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14th December 2011

Suggested Changes to the Law of Intestacy

The Law Commission has just completed its review of the law relating to intestacy and family provision and presented two draft bills dealing with these areas of law to the government.

The Law Commission said: “If this Report has one over-arching message to the public, it is this: make a will and keep it under review.”

The intestacy rules are the rules which state who is entitled to the estate of someone who has died without leaving a will. Family provision is that part of the law (The Inheritance (Provision for Family and Dependants) Act 1975) which allows certain people to claim a share or greater share of the estate of someone who has died. Such claims may be brought where a will or the intestacy rules fails to make reasonable provision for someone.

The Law Commission have in particular looked at the position of cohabiting unmarried partners under the intestacy rules and the family provision rules and the position of surviving spouses under the intestacy rules

The aim of the intestacy rules is to provide certainty about the distribution of an estate in a manner which is generally acceptable and which works satisfactorily in most families. The law of family provision supplements this by providing a way of challenging the rules where they have not worked satisfactorily.

The Law Commission have recommended some substantial changes to the intestacy rules and to the family provision rules.

Intestacy Rules

The current intestacy rules are complex and the following is a simplified explanation of them. If someone dies leaving a spouse and children the spouse and children share the estate. The spouse receives £250,000 and the deceased’s personal belongings. Anything over and above £250,000 is divided in half with one half held on trust for the spouse for their life and after their death it passes to the children. The other half passes to the children straight away.

If the deceased is survived by a spouse but no children the spouse receives the deceased’s personal belongings and £450,000 and half of anything over and above £450,000. The other half goes to the deceased’s parents or, if they have died, the deceased’s siblings. The spouse only takes the whole estate if the deceased left no surviving parents or siblings.

A cohabitant of the deceased is not entitled to anything under the intestacy rules, although they may be able to bring a claim for family provision under the 1975 Act.

The Law Commission’s recommendations on the intestacy rules are:

  • Where the deceased left a spouse and no children the spouse should take the whole estate
  • Where the deceased left a spouse and children the trust should be dispensed with. In that case the spouse would receive £250,000 and half of anything over and above £250,000 and the children would receive the other half.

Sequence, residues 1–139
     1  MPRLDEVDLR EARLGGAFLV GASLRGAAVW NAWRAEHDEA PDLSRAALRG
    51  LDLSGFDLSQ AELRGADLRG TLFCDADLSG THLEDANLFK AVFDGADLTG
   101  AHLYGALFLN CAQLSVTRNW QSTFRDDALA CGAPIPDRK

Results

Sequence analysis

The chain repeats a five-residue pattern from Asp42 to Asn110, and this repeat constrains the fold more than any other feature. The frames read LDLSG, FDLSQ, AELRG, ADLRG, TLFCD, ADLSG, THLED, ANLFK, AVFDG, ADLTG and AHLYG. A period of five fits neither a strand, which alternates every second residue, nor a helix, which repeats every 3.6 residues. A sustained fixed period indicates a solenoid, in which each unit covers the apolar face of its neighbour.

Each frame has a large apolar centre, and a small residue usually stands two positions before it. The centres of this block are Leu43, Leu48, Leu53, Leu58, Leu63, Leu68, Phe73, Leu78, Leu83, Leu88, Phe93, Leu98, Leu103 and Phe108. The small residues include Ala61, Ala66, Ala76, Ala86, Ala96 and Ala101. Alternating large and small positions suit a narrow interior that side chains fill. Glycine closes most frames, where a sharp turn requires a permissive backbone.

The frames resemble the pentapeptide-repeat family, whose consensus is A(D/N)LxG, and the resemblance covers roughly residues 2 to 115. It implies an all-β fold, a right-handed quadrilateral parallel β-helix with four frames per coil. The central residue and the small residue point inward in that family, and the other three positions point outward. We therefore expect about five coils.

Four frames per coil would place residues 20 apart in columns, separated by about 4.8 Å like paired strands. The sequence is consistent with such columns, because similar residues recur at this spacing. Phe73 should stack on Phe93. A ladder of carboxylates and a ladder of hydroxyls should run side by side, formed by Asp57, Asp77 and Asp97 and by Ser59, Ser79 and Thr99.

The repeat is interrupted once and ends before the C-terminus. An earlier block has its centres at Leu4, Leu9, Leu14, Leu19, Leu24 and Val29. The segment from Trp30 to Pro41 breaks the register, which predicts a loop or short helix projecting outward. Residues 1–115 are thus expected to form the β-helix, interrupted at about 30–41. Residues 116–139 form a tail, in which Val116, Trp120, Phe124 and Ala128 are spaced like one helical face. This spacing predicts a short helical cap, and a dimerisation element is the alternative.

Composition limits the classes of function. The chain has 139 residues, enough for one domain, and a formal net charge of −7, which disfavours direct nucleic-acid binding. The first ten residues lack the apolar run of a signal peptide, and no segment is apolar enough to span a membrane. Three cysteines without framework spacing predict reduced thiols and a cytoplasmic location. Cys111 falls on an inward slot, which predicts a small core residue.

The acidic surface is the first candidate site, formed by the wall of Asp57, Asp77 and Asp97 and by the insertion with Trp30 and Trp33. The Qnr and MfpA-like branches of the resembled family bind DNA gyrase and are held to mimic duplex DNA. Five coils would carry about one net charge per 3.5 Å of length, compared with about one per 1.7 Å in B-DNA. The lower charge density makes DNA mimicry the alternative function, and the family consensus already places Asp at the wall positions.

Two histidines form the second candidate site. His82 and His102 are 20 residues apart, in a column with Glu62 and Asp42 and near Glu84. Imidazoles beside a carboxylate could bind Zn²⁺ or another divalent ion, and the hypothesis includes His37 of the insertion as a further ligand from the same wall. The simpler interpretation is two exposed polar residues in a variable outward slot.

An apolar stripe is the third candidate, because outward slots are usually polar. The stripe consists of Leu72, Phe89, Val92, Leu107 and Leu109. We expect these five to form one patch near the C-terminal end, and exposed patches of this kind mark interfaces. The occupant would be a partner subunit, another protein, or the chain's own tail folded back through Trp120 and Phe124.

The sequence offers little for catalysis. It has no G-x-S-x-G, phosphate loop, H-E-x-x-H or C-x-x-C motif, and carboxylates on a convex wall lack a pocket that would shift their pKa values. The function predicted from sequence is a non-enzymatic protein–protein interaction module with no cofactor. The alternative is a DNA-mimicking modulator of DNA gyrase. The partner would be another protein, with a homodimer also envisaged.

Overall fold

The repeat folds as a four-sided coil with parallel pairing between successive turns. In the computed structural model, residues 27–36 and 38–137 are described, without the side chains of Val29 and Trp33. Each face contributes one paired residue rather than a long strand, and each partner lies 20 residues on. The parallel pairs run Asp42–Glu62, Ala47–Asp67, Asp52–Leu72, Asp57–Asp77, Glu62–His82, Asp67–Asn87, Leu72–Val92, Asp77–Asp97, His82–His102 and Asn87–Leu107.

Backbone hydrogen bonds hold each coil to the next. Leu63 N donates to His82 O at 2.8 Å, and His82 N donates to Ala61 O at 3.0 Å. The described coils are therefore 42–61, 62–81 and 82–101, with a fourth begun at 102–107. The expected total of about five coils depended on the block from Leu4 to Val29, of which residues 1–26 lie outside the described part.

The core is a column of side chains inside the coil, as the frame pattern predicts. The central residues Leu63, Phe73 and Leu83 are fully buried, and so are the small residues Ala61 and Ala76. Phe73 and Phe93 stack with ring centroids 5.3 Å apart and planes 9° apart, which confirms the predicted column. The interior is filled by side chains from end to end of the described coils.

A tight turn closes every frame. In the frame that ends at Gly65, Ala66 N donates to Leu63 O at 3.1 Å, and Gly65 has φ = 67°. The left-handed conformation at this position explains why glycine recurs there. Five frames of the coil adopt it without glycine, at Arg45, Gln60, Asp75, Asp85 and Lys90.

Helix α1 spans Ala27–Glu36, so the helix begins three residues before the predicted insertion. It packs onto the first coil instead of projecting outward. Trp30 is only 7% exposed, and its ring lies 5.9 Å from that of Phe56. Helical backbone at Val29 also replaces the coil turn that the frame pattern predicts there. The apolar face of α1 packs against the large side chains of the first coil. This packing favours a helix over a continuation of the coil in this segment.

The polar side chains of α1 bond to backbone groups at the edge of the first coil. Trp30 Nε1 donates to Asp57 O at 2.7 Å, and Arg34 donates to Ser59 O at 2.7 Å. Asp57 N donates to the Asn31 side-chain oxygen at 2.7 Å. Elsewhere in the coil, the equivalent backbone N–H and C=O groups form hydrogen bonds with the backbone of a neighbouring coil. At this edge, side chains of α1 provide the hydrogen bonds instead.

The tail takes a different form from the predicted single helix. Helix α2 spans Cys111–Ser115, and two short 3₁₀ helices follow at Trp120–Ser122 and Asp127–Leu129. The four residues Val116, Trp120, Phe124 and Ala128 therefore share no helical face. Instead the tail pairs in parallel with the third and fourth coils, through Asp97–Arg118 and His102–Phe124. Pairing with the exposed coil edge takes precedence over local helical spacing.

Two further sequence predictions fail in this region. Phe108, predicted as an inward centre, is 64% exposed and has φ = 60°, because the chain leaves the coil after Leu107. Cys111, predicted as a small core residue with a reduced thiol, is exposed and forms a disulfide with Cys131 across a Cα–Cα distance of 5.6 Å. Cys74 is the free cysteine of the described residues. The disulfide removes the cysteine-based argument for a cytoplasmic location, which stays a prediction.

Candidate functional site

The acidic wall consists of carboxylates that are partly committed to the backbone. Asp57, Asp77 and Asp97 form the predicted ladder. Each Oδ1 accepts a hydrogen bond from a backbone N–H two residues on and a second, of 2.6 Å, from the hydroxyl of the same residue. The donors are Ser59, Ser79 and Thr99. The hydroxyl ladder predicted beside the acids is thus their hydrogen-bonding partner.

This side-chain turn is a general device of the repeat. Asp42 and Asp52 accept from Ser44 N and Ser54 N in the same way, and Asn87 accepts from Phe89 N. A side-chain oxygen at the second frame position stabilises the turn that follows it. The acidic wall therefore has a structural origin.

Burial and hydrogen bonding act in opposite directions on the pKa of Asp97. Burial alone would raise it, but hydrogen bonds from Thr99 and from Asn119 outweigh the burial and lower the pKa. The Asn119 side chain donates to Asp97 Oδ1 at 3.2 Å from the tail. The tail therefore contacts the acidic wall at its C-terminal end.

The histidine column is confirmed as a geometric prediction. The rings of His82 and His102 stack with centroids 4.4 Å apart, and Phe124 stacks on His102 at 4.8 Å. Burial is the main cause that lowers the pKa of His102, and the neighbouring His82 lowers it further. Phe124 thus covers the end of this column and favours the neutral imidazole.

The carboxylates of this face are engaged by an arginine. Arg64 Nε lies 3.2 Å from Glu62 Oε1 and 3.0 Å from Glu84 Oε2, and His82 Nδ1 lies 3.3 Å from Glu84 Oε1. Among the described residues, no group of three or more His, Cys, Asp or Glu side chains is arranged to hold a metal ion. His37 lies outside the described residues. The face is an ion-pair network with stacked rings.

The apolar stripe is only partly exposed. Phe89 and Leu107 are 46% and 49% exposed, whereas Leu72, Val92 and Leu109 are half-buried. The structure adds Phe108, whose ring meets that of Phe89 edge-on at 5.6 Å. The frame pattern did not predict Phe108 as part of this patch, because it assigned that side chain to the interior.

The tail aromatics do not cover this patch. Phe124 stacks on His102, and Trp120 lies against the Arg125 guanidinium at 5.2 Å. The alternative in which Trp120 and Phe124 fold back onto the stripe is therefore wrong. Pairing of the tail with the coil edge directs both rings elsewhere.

• That the fixed amount passing to the spouse be reviewed regularly
  • That a person who lived in the same household as the deceased as the deceased’s spouse up until the date of death should have the same rights under the intestacy rules as a spouse, provided that the deceased was not married or in a civil partnership at the date of death. The cohabitation must have lasted for five years. If the deceased and the cohabitant had a child together who was living in the same household at the date of death the period of cohabitation would be two years instead of five.

Family Provision

People who can bring a family provision claim are restricted by the 1975 Act to: spouses and former spouses, cohabitants (who lived with the deceased for a continuous period of two years ending with the death), children of the deceased, those whom the deceased treated as children of his family in relation to a marriage or civil partnership and any other person whom the deceased has maintained financially. Furthermore a claim may only be brought if the deceased was domiciled in England and Wales at the date of their death. It is possible to not be domiciled in England and Wales even after living here for many years and even if the deceased had investments and family based here.

The Law Commission recommendations include:

  • A family provision claim should be allowed where: - The deceased was domiciled here; - The deceased owned land here - The deceased was not domiciled here but nevertheless English law would apply to the succession to some of his assets.
  • A cohabitant of the deceased who had a child with the deceased be allowed to bring a family provision claim even if the period of cohabitation was less than two years. The cohabitant would have to be living with the deceased as the deceased’s spouse at the date of death and the child would have to be living in the same household at the date of death.
  • The definition of “child of the family” of the deceased should no longer be limited to situations where the deceased was married or in a civil partnership.

The Law Commission also recommend other technical changes which would help those bringing a claim. It remains to be seen whether the draft bills will be enacted. It generally takes a number of years before a Law Commission bill becomes an act of parliament.

If you would like further information please contact Emma Satterly on emmasatterly@hewitsons.com or 01223 461155.

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